Shakespeare garnered a significant critical reputation among his peers that would long outlast the man himself. To this day, the name Shakespeare is widely recognized as not only the most famous but also the greatest writer the English language has ever known. As early as 1598 the intellectual and church rector Francis Meres declared Shakespeare to be the nation’s greatest poet, and another writer, John Weever, celebrated “honey-tongued Shakespeare.” Perhaps Shakespeare’s greatest contemporary rival was fellow dramatist and literary critic Ben Jonson. Jonson acknowledged that no one could equal Shakespeare’s comedies, but he took issue with several aspects of Shakespeare’s tragedies. His chief complaint related to Shakespeare’s failure to observe the three unities of Classical drama—that is, the unities of time, place, and action. In particular, Jonson felt that Shakespeare’s epic histories, which spanned long time periods and various geographies, compromised the tragic effect. Jonson also felt that Shakespeare’s characteristic mixture of the highbrow and the low, the courtly and the vulgar, marred his writing. Even so, Jonson clearly respected Shakespeare, as evidenced by an admiring elegy he wrote titled “To the Memory of My Beloved, the Author Mr. William Shakespeare,” which appeared in the First Folio edition of Shakespeare’s plays.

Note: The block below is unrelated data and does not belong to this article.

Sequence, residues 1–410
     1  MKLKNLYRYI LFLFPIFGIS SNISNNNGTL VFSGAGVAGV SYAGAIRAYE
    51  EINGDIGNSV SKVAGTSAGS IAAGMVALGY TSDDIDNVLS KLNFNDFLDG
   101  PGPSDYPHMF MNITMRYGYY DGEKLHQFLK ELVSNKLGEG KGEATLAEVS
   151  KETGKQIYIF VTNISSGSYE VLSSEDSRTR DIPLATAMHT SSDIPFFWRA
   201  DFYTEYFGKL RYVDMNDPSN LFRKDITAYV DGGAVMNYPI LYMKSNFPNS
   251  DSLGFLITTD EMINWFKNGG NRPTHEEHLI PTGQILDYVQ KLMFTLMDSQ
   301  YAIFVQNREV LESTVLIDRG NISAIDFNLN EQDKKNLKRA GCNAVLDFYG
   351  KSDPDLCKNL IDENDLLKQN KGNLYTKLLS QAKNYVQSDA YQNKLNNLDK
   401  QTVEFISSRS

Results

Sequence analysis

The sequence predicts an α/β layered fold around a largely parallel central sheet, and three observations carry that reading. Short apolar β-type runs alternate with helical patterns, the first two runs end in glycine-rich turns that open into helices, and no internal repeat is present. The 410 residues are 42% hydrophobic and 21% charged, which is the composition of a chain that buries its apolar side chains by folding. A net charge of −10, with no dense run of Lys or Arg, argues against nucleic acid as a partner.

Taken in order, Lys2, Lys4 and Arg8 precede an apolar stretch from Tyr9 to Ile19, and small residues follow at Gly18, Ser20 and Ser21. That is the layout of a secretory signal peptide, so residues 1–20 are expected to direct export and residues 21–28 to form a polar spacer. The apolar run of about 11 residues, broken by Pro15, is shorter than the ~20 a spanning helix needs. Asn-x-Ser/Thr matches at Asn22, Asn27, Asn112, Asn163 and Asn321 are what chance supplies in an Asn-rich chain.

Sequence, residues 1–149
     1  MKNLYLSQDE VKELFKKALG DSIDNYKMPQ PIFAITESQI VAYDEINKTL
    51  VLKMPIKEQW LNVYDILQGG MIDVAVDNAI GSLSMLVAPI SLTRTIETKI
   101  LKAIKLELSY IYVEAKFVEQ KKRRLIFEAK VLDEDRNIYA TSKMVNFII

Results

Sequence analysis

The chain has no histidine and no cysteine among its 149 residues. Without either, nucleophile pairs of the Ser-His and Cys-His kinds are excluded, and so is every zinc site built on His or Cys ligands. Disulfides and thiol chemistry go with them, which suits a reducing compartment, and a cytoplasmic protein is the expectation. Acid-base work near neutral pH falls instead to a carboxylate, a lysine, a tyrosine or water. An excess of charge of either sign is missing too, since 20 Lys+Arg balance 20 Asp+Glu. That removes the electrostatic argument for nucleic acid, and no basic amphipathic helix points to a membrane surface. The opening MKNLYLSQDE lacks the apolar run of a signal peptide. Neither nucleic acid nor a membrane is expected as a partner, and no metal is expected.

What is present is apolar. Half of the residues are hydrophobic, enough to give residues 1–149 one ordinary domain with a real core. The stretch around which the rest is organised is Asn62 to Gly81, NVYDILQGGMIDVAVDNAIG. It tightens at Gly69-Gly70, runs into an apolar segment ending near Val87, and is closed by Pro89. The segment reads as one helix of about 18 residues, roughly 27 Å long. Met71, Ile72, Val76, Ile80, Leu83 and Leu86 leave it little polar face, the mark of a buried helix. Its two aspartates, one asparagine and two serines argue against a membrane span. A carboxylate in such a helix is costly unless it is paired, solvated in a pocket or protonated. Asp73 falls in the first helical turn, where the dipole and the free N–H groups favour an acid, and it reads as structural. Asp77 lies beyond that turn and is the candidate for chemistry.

For two centuries after his death, Shakespeare’s critical reputation suffered somewhat. In the seventeenth century, the poet and playwright John Dryden echoed many of the complaints that Ben Jonson had articulated. In particular, Dryden objected to certain improbabilities of plot and characterization, especially in Shakespeare’s later romances. Dryden also condemned Shakespeare’s lack of refinement and decorum, which he attributed to the fact that he had written his plays for audiences of mixed educational and class backgrounds. Dryden’s complaints about implausibility and impropriety were frequently echoed in the eighteenth century, though the influential Samuel Johnson, who edited Shakespeare’s works in 1765, also praised the playwright for the universality of his plays. Johnson’s praise marked a turning point in the critical history of Shakespeare’s reception, and by the time of the Romantic poets in the nineteenth century, he was once again lauded for his extraordinary creativity and evident genius. By the twentieth century, Shakespeare’s critical reputation was secure, and his plays became the subject of increasingly sophisticated historical and literary scholarship. In the twenty-first century, Shakespeare’s reputation remains as strong as ever, and his plays continue to be produced for both stage and screen.